Moon ***1/2


Not a lot of science fiction films have a lasting impression on me.  “Moon” is one of the few that has lingered with me for a few days after viewing it.  It raises some ethical questions about cloning, and the value of someone’s living copy. 

Sam Rockwell plays Sam Bell, an employee of a company that has stationed him on the moon to run an invaluable mining operation that provides much needed power back on earth.  His contract is three years in length and is about two weeks away from expiring.  It is then when he starts to experience some strange happenings.  He has a hallucination of a teenage girl on the base.  Later he sees the same girl standing on the lunar surface.  This causes him to crash his vehicle.  He awakens in the infirmary, where Gerty, the base computer, informs him that he was in an accident. 

He does become suspicious when he overhears a live communication between Gerty and earth.  The communications system is supposed to be malfunctioning, only allowing pre-recorded messages to go through. He decides to venture out to the crash site where he discovers another person who looks identical to him claiming to be Sam Bell.   From there I’ll let you discover how the story plays out.  Up to that point I was thinking the film was going to lead us down “2001” territory but instead it forces us to ask questions about whether or not clones are real people.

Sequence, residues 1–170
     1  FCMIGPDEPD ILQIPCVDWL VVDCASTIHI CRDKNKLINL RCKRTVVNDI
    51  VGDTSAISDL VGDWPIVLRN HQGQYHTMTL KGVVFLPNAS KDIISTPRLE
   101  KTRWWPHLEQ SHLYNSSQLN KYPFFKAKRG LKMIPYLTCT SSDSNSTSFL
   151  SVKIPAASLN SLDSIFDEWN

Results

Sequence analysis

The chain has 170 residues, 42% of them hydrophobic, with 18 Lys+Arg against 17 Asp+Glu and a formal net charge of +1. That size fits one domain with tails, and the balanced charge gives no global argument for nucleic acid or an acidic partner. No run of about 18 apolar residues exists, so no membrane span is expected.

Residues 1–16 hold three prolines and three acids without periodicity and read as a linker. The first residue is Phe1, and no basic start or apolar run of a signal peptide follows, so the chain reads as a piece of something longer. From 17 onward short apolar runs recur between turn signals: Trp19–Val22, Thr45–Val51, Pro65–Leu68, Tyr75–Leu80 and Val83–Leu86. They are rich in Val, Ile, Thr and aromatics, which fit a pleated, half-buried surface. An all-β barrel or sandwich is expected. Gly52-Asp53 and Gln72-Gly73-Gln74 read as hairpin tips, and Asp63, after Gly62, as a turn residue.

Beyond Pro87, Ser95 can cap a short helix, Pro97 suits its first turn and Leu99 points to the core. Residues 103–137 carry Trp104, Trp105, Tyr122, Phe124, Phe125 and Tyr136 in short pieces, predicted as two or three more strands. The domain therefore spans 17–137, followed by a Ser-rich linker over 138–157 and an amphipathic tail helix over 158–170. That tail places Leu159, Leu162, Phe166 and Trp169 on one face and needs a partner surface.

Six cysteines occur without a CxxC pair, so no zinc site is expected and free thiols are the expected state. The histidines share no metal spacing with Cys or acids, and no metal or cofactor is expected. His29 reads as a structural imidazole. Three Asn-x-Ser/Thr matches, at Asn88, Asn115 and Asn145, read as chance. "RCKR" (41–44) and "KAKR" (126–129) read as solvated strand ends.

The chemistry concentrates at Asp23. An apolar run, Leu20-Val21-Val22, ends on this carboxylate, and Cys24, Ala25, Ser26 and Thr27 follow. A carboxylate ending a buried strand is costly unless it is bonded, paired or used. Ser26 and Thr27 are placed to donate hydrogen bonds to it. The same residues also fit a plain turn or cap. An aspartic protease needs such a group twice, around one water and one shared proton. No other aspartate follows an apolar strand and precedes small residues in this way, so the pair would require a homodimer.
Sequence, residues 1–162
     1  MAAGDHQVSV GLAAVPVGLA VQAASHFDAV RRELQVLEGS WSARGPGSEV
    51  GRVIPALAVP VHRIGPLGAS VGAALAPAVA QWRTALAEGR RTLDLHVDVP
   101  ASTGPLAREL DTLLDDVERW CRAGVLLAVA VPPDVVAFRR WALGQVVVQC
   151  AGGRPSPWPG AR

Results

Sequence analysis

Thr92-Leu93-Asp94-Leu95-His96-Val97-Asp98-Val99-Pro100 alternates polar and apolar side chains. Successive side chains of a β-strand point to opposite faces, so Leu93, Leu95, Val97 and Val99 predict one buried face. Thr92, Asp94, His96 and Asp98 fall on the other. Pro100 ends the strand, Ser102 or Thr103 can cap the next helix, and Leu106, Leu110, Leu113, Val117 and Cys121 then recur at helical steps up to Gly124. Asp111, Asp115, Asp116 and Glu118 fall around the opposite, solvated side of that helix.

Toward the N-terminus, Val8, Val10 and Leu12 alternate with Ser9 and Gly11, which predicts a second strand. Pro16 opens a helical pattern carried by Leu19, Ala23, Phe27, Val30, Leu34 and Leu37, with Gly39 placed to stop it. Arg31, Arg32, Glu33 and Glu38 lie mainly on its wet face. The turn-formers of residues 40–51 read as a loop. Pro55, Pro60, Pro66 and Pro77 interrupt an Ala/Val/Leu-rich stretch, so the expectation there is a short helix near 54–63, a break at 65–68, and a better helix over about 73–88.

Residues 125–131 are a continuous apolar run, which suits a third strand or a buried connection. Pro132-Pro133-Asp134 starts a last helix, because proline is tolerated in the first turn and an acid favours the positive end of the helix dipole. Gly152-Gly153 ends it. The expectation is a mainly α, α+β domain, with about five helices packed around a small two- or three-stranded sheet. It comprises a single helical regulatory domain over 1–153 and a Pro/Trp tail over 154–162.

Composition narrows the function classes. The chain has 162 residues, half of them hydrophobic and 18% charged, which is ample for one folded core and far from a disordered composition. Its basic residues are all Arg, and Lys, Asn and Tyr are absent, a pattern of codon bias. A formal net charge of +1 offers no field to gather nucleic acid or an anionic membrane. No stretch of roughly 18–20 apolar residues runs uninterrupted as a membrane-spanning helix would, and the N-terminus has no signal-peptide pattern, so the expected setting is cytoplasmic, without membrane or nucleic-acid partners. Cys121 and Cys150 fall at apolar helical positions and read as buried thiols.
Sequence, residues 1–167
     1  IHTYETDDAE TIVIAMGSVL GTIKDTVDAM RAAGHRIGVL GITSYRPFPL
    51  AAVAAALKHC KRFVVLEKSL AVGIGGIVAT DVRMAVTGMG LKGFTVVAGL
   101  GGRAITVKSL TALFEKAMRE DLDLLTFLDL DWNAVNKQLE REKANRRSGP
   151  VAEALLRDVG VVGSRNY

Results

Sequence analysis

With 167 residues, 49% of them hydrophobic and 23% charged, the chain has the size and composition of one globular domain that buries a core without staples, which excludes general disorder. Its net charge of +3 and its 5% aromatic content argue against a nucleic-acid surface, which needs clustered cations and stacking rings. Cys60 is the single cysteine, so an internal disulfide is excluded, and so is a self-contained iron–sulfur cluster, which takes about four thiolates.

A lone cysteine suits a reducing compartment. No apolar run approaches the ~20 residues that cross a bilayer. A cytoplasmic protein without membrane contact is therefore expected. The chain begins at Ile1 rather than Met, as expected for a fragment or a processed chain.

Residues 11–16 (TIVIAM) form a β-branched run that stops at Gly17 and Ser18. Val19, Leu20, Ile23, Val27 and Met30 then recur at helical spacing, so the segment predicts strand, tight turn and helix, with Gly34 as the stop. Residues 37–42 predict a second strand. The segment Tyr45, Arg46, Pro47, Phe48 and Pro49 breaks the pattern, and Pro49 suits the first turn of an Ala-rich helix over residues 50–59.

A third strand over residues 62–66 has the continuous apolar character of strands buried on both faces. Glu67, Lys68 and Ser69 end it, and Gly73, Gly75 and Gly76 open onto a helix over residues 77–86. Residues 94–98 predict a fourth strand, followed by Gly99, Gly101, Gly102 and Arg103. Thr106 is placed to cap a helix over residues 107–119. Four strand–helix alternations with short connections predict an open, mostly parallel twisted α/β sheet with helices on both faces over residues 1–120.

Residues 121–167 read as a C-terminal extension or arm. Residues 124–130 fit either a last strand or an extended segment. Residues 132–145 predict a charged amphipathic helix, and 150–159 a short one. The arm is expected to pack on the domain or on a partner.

Would it be a crime against humanity to clone yourself and have the copy perform labour.  Once I found out the nature of the main characters I began to feel a strange detachment from them.  It was an odd feeling. 

First time director Duncan Jones shows a seasoned hand at the way he allows these events to unfold.  We are first caught up with the mining operation as well as the ominous visuals that the Lunar surface provides.  But we are being setup for a truly fascinating morality play.

I think the crucial part of this story working is the dual performances by Sam Rockwell.  He plays two different people, each trying to come to grips with other’s existence.  It is fascinating the way the first character slowly fades as the new one who is introduced later takes over.  Sam Rockwell is an actor has been underrated for years.  I am hoping he can get some serious attention finally with this role. 

Moon” is a rarity in the sci-fi genre.  It is not so much interested in outer space as it is in human emotion.  The moon simply provides an interesting setup for what is really a tale of morality.


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